Fidget Spinners : The Science Behind The Cultural Phenomenon
Fidget spinners are practically everywhere these days. Fun, bright, and undeniably interactive, kids (and even adults) have flocked to join this fad. They may seem silly, but there's more to them than meets the eye. The science behind why they work and why we like them is entirely legitimate.
How They Work
On the surface, fidget spinners may not look very involved. They're simple in shape, and their function is just to rotate around and around. These spinners use ball bearings that limit the amount of friction the toy may encounter, making them simple and satisfying to spin. Even small hands can twist or flick the spinner to set the outer ball bearing in motion. The other ball bearing serves as the base of the toy the child can hold as they spin. The ball bearings also ensure the spinner has enough weight to balance the momentum. When kids spin it, they're technically experiencing torque (rotational force) first-hand, in that they need to push on the spinner to set it in motion. Spinners stay spinning and won't tilt due to conservation of momentum. Just like a ping-pong ball will roll fairly far without a lot of force, these spinners apply that same principle in circular form to keep everything in motion until another force is exerted upon it.
Why They Work
There is a certain amount of instant gratification when it comes to fidget spinners. People can carry them around practically everywhere they go (no wi-fi required), and it's easy for the owner to become addicted to the feel of a spinning object in your hand. The constant undulation and vibration that can be felt in the palm and in the fingers can have an immediate effect on the holder, allowing them to feel some sense of control — even when it seems there's no control to be had in a situation. When children often feel as though they're at the mercy of what other people want to do, there's little mystery in why they've taken to this phenomena so quickly.
As with any fad, people will find a way to put their own twist on the basics of the rules. Kids may try to spin with their toes, nose, or forehead. They can be stacked to create a tower, which can make even the most stable person feel a little dizzy. The ultimate challenge though seems to be trying to toss them back and forth to friends. Learning more about the science behind our favorite toys doesn't diminish their appeal, it only adds to our understanding about the world around us.
Meet Megalodon: "Big Tooth"
The largest shark to ever exist - the Megalodon - is more than just a physical marvel.
The discovery of a tooth from the Megalodon by a Croatian fisherman is allowing scientists to dig into the behavior of predators of the Early Cretaceous era. Compared with other specimen from around the world, the tooth was a central part in identifying the species and tracking its ability to migrate around the world.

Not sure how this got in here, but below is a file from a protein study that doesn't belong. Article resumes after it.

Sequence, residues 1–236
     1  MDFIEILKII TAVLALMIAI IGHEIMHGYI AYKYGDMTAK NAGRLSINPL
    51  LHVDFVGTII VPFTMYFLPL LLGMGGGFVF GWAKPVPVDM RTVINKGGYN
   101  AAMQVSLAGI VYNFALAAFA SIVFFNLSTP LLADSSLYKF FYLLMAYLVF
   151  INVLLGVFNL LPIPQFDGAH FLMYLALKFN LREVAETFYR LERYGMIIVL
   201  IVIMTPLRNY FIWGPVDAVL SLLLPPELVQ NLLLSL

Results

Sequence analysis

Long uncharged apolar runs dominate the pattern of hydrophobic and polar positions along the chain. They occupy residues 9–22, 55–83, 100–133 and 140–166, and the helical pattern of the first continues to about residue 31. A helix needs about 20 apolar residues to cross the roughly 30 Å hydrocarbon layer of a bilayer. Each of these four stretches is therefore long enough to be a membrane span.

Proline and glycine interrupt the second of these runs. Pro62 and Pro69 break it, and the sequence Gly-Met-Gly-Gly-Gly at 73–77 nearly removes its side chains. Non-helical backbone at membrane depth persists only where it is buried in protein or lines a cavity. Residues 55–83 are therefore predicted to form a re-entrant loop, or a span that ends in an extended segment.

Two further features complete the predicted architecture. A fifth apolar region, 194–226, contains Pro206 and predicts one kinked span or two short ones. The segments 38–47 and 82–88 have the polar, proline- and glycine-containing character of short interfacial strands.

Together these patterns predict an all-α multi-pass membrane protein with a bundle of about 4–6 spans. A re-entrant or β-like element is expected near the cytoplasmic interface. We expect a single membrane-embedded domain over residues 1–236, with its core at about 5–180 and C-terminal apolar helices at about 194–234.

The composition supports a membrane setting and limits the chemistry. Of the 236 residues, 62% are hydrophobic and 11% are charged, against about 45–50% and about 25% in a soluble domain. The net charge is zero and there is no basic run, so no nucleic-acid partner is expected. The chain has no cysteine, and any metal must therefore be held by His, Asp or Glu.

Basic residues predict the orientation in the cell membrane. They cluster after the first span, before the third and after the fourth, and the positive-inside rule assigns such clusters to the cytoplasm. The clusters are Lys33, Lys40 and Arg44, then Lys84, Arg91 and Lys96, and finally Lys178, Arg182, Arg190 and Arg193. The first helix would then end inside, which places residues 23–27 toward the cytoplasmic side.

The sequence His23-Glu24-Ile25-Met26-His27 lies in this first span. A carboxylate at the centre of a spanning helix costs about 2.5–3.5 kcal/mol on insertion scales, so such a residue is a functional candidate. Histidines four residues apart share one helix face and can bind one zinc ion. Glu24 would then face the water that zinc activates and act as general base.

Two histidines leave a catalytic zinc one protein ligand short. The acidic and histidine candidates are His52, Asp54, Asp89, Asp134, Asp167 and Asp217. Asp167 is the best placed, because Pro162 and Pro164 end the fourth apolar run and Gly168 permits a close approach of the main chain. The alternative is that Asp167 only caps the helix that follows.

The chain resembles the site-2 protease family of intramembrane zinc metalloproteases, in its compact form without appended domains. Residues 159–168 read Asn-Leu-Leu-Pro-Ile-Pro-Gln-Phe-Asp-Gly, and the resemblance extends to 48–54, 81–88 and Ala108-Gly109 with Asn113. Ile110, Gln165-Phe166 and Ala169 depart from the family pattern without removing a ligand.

The Megalodon ruled the seas 100 million years ago as an apex predator. According to scientists, the shark was more than 18 meters long (20 feet). A single vertebrae from this shark is as large as a human hand. The most current findings help to prove that previous estimates of the size of this shark were too small. Additionally, the Megalodon is also considered one of the most powerful predators to ever exist in the sea.
Megalodon may have weighed up to 100 tons. Its bite had the ability to produce a force of between 10.8 and 18.2 tons. Despite all of this power, the shark was also one of the fastest predators in the sea, able to easily catch whales and sea turtles. It is actually a mystery how such a powerful predator could have died out, because there was literally nothing in the sea that could have matched its physical prowess. Many scientists believe that they actually became too large for their environment, and even though they were dining on whales at will, there was simply not enough calories in the sea to sustain their existence!
It is possible that the species has been misidentified, although scientists are becoming more sure of themselves with every new discovery. The current Great White shark is the closest thing to the Megalodon, although it is unknown whether they are a direct descendant. The Megalodon is known to have gone extinct around 2 billion years ago during the Pleistocene era, leaving a great deal of room for the Great White shark to be derived from another species of shark. However, the ferocity of the two species causes many scientists to keep the Megalodon in the picture.
What do you think? Why don't you come take a look?
The Discovery Center of Idaho in Boise is all about introducing science to your children in a family friendly environment. Take it from us - sharks are one of the best ways to get kids interested in science as a whole! Come see the Megalodon, and stay for the other exhibits - we think they are great as well!